How I spent my summer vacation
by The Press and Standard | August 1, 2019 5:00 am
Last Updated: July 31, 2019 at 9:22 am
When Orange County, Fla. Fire Rescue Battalion Chief Robert Izzo finally got a chance to introduce himself to Wade Marvin the evening of July 12, the disheveled Walterboro police chief had already made a good impression.
“He was a little dirty, wet and smelled of gasoline but he definitely had made a difference,” Izzo explained.
July 12 was the first full day of a weekend vacation for the Marvin family.
Marvin and his family spent the day at a theme park and then went out to dinner. They were on an I-95 off ramp at about 8:30 p.m., heading back to their hotel, when Marvin saw a motorist on the nearby on ramp pull over and exit his vehicle.
His eyes went back to the roadway; his wife Meagan continued looking back toward the stopped car. She told Wade that there was a car off the roadway, overturned on its roof. He thinks the car crashed happened just seconds before they arrived in the area.
Marvin pulled his vehicle over. Meagan echoed the thoughts already going through the chief’s head, “You have to go.”
He got out of the car and jogged back to the crash site.
Three or four people were out of their vehicles. Marvin asked if 911 had been called, a woman said she was on the cell phone with the emergency dispatchers.
Marvin then asked if they had checked to see if anyone was in the car. They hadn’t.
Marvin went to the overturned vehicle and looked through a broken window, using the light on his cell phone for illumination.
He spotted a woman hanging upside down inside the car, being held in place by her seatbelt. Her head was in the water. She was unconscious and did not appear to be breathing. Izzo said Marvin told firefighters he was initially unsure if the female driver was alive or dead. “Then he noticed the bubbles,” Izzo added. “The water was maybe a foot deep, but that is significant enough when you are hanging up side down in it.”
Marvin crawled through the broken passenger window, cutting himself on some of the glass fragments in the process. He lifted her head out of the water; she remained unconscious and still was not breathing.
Marvin, continuing to hold her head out of the water, looked in the rear seat and spotted an empty child seat. “I became concerned.” But the woman was alone when she wrecked.
He was also concerned about the heavy odor of gasoline inside the vehicle. He said it was so potent, he was beginning to be affected by the fumes.
Then the woman gasped and water came out of her mouth and nose. But she remained unconscious.
Just before the safety forces arrived on scene, the woman regained consciousness but was disoriented. She was pinching her nose, saying she was going to drown.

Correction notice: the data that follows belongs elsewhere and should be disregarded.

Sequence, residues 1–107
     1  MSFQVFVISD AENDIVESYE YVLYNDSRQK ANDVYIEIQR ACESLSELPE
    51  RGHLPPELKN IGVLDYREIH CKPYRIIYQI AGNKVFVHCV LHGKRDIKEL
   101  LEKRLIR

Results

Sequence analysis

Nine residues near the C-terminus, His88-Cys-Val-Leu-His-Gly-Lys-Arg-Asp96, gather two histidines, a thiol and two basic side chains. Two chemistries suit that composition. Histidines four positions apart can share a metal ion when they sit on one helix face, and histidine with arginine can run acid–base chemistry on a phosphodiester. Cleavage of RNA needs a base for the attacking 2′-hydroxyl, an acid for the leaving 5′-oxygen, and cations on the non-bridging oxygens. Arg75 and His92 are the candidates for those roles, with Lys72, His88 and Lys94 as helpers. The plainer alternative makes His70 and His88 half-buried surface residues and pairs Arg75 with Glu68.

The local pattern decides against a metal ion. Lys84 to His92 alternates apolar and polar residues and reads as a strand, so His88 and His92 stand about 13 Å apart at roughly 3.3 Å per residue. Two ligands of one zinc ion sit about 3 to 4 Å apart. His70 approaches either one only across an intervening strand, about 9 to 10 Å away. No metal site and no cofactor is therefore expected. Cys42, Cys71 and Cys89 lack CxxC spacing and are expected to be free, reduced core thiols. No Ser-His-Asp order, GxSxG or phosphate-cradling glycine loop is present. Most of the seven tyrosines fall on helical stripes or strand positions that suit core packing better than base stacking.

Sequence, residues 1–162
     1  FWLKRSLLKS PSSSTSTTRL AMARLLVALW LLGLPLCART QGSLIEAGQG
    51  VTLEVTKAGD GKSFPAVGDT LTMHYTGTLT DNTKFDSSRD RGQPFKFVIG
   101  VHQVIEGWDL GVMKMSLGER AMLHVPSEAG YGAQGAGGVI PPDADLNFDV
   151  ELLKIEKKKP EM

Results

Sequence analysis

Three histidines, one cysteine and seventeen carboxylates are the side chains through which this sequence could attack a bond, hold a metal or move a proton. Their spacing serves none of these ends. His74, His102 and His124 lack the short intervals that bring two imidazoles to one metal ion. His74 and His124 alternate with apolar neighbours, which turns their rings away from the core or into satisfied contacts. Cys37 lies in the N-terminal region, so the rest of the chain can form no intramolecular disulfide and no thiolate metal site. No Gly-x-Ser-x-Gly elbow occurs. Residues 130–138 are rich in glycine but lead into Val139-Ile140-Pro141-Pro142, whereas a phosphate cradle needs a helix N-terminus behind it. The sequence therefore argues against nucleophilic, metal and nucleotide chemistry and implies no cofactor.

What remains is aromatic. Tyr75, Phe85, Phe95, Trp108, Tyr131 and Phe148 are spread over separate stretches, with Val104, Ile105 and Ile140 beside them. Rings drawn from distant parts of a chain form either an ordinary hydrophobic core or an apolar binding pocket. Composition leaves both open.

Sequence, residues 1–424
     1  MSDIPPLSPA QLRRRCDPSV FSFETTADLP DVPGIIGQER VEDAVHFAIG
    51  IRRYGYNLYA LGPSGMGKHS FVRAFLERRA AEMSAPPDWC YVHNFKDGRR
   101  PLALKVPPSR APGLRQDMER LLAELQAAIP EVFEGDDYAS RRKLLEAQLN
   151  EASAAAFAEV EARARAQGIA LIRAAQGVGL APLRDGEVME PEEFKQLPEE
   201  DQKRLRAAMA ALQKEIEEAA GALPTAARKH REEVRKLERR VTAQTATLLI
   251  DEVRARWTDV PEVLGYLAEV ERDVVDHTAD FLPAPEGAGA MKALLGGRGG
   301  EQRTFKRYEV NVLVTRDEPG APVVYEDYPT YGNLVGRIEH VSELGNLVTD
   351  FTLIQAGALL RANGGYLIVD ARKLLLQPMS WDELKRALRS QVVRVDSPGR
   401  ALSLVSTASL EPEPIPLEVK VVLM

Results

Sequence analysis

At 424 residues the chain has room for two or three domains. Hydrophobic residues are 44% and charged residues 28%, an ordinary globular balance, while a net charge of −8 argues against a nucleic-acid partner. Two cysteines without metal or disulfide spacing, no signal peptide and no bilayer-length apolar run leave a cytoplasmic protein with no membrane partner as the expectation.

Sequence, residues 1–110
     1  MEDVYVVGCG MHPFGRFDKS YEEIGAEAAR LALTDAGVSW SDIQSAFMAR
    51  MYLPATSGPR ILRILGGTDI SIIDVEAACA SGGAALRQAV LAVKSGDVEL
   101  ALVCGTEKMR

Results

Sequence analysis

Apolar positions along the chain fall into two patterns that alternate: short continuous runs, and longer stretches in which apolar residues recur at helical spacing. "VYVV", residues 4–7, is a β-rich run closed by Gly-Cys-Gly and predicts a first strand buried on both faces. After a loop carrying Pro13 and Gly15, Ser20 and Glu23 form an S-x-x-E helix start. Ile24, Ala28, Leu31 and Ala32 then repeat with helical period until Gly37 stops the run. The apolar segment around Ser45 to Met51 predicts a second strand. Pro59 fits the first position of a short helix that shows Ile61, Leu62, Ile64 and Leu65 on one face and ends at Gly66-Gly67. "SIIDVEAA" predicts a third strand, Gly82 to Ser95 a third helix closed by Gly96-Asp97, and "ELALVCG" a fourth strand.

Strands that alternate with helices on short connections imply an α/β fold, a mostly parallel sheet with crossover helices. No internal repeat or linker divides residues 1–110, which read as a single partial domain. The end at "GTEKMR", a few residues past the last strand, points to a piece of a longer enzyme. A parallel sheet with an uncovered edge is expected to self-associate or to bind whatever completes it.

He told her he wasn’t going to stop holding her head out of the water until help arrived. Marvin said he prayed with the woman and she began to calm herself.
With help arriving on the scene, Marvin backed his way out of the car. The chief estimates he held the woman’s head out of the water for approximately 15 minutes.
Izzo said the initial call to the emergency dispatch center reported that a car went off of I-4, right outside of Disney World. After leaving the roadway, the motor vehicle overturned and was sitting on its roof in about a foot of standing water in a swampy area that had accumulated water from a week of heavy rains.
The female driver was trapped inside the vehicle and someone was holding the victim’s head out of the water, Izzo said the dispatchers were told. That someone was Marvin.
Firefighter-paramedics quickly freed her and transported her to a medical facility for treatment of minor injuries.
“I would say his quick response and doing what he did probably saved this lady’s life,” Izzo said. “He was probably the guardian angel that night that kept her alive.”
It also demonstrated, Izzo added, for police and firemen “even when they are on vacation are never really on vacation. There is no such thing in our minds.”
Orange County Fire Rescue Chief James Fitzgerald sent a letter of commendation to Walterboro Mayor Bill Young, saluting Marvin’s heroic actions that rainy Florida night.
Dear Mayor Young:
I would like to commend Walterboro Police Chief Wade Marvin for his lifesaving actions in Orange County, Florida on July 12, 2019. It is my understanding that Chief Marvin, along with his family, were visiting the Orlando area when he came upon a serious vehicle crash.
On July 12, 2019, Orange County Fire Rescue was dispatched to a call regarding an auto accident with heavy entrapment. An SUV had overturned and landed upside down in a small body of water. While the water level was not deep in terms of water rescue, it was enough that the patient’s head did not clear the waterline.
The 911 caller indicated that the driver was unresponsive and trapped inside. There was a gas odor coming from the vehicle, and a bystander was on scene holding the patient’s head above water. Orange County Fire Rescue crews arrived on scene within minutes where they extricated the driver. She was transported to a local trauma center and was expected to recover.
It was later determined the bystander on scene was Wade Marvin, Police Chief of Walterboro, South Carolina. His actions that day represent the very best qualities of a first responder, one who takes an oath to serve and protect. This call is a vivid reminder that those who choose to serve in public safety occupations are never truly off-duty.
Orange County welcomes 500,000+ visitors on any given day; how very reassuring that many of these guests are also some of the finest men and women who serve not only their community, but oftentimes whatever community they happen to be in when the need arises.
On behalf of the crews on scene that day, please give my sincere appreciation to Chief Marvin. Without his assistance, we might have experienced a completely different outcome.
James M. Fitzgerald/Fire Chief
Winer Park, Fla.